[quote="Monte_RCMS, post:4, topic:203326"]
[It took ten years for the turtles to make up their minds to return.]

[/quote]

um... yeah. Their population was decimated, so it was a bit hard to return when you are dead. And it took years for their population to rebuild.

[quote="Monte_RCMS, post:4, topic:203326"]
Well, there are wells much deeper than one mile being drilled elsewhere. We do have experience with natural seeps and with accidental spills from ship wrecks and naval battles in all depths and in all climates. And nothing really major.

[/quote]

o.0
Yes, this is major. This is a huge spill, and it is ongoing, with no end in sight. The examples you cite are much, much smaller in scale and so their effects were much more limited.

[quote="didymus, post:1, topic:203326"]
McClatchy:

MALAQUITE BEACH, Texas ... The oil was everywhere, long black sheets of it, 15 inches thick in some places. Even if you stepped in what looked like a clean patch of sand, it quickly and gooily puddled around your feet. And Wes Tunnell, as he surveyed the mess, had only one bleak thought: "Oh, my God, this is horrible! It's all gonna die!''
But it didn't. Thirty-one years since the worst oil spill in North American history blanketed 150 miles of Texas beach, tourists noisily splash in the surf and turtles drag themselves into the dunes to lay eggs.
"You look around and it's like the spill never happened,'' shrugs Tunnell, a marine biologist. "There's a lot of perplexity in it for many of us.

Not to make light of the BP disaster -- but it is interesting that Nature can bounce back.

[/quote]

[/LEFT]

If you read that statement, it almost sounds NOT like the scientist is amazed at the natural recovery, but he almost sounds disappointed that the damage didn't last longer or that the damage was not permanent.

It's almost like he WANTED for the damage to be permanent; he was DENIED an anti-drilling argument.

And the other thing is that the oil on the beach was more than a foot thick!!!! THAT IS A LOT OF OIL ON THE BEACH.

So far in the current spill, we have only some tar balls on the beach that can be scooped up. [No thanks to the Obama Administration which has deliberately worked overtime to prevent the oil from being picked up at sea.]

"To be honest, considering the magnitude of the spill, we thought the Ixtoc spill was going to have catastrophic effects for decades ...But within a couple of years, almost everything was close to 100 percent normal again.''

That kind of optimism was unthinkable at the time of the spill, which took nearly 10 months to cap. The 30,000 barrels of oil a day it spewed into the ocean obliterated practically every living thing in its path. As it washed ashore, in some zones marine life was reduced by 50 percent; in others, 80 percent. The female population of an already-endangered species of sea turtles known as Kemp's Ridley shrank to 300, perilously close to extinction.

Read more: mcclatchydc.com/2010/06/12/95793/ixtoc-the-gulfs-other-massive.html#Comments_Container#ixzz0rz7PrgIZ

It took nearly ten months to cap. I wonder if that is what we can expect with this latest BP blowout?

The politics behind a 1979 oil disaster were likely a little different though. People fully understood then that without oil there would be no economy. The oil embargo would have still been fresh on people's minds, and therefore they were able to suck up the idea that even big disasters such as this were better than the alternative.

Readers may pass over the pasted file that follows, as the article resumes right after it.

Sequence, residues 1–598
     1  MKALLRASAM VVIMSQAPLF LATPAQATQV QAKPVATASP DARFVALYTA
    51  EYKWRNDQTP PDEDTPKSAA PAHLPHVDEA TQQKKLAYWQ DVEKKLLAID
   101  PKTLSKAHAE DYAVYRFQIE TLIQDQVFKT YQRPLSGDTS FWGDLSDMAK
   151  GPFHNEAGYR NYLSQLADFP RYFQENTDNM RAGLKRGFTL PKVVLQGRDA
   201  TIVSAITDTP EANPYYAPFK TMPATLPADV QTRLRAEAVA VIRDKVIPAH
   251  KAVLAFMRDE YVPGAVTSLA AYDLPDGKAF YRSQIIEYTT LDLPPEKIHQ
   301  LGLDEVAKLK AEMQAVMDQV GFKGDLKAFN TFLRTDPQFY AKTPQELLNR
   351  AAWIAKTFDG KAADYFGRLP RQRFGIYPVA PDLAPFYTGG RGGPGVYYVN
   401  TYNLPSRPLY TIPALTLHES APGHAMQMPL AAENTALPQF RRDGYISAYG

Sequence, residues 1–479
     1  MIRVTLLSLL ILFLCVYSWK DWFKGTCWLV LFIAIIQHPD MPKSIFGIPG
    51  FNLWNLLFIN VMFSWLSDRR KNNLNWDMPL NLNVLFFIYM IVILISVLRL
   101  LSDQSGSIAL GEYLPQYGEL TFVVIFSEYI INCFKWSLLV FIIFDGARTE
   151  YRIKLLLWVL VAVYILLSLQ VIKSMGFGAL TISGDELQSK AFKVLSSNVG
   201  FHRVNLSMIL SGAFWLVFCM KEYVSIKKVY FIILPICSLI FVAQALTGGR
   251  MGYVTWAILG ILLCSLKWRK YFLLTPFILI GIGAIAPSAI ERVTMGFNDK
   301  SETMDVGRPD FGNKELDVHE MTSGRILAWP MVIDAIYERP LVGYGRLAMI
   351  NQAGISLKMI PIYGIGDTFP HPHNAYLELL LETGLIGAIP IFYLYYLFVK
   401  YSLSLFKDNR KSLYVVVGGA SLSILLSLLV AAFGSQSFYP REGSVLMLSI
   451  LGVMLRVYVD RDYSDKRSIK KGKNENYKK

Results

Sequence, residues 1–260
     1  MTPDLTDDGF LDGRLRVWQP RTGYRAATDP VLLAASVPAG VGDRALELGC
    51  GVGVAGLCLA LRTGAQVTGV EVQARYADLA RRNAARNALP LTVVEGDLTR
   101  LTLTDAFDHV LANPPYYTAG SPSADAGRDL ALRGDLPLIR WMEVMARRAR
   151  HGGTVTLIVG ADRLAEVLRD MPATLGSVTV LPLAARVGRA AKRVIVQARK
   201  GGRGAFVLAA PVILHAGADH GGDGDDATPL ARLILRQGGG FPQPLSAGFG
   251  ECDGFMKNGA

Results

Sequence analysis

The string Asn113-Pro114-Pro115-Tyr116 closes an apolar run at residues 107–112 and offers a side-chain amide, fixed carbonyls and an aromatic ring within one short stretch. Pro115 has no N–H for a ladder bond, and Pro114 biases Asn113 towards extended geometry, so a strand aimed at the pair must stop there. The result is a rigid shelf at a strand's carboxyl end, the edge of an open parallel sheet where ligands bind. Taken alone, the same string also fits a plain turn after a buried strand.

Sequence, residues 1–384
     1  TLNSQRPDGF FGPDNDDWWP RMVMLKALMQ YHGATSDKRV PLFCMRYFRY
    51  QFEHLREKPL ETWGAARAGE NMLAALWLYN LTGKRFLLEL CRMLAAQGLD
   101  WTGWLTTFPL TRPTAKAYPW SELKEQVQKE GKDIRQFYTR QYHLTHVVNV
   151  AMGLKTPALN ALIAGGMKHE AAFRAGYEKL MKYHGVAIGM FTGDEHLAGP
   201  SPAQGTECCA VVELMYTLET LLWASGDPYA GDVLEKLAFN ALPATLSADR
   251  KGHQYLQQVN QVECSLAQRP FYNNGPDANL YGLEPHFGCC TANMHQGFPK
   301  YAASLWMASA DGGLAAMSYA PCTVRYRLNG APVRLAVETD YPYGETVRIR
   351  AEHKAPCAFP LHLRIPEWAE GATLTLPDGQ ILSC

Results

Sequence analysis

Wishful thinking of an oil-free future today seem to abound and are driving the political response to the blowout.

Libya is inviting BP into the Mediterranean now on deep-sea drilling ventures.a Even if the ecology is resilient and has a way of bouncing back quickly, if it takes months to ccontains these gushers, it makes sense that provisions are in place to contain the oil in the meantime.

Is that not what government environmental agencies have been mandated to do? There was already a precedent here so people ought to have known what to expect. It seems to me that the primary story here is not about BP recklessly maximizing profits. It is about government agencies having no contingencies in place for the inevitable accidents.
30,000 barrels daily for ten months speaks to the need for oil containment contingencies.

[quote="Monte_RCMS, post:6, topic:203326"]
If you read that statement, it almost sounds NOT like the scientist is amazed at the natural recovery, but he almost sounds disappointed that the damage didn't last longer or that the damage was not permanent.

It's almost like he WANTED for the damage to be permanent; he was DENIED an anti-drilling argument.

And the other thing is that the oil on the beach was more than a foot thick!!!! THAT IS A LOT OF OIL ON THE BEACH.

So far in the current spill, we have only some tar balls on the beach that can be scooped up. [No thanks to the Obama Administration which has deliberately worked overtime to prevent the oil from being picked up at sea.]

[/quote]

At best, the Obama federal response at oil containment reeks of incompetence and unpreparedness.
At worse, it is a conspiracy, maximizing environmental disaster in order to make selling points for the latest Cap and Trade legislative push, "not letting any crisis go to waste" Machiavellianism.

There is something truly disgusting in the idea that any 'environmentalist' may actually be wishing for unmitigated environmental disaster in order to push for their own political agenda. Maybe this smelled bad even to Obama's traditional "thrill-down-their-legs" supporters, and is why they turned against him so harshly in his speech where he linked his response to the disaster with the need for Cap and Trade. It is the difference between bleeding heart liberalism and the cold-blooded crassness of leftist power politics.

The 1979 well spewed 30k barrels per day. This one is gushing 100k bpd.
We can only hope that it doesn't take ten months to contain.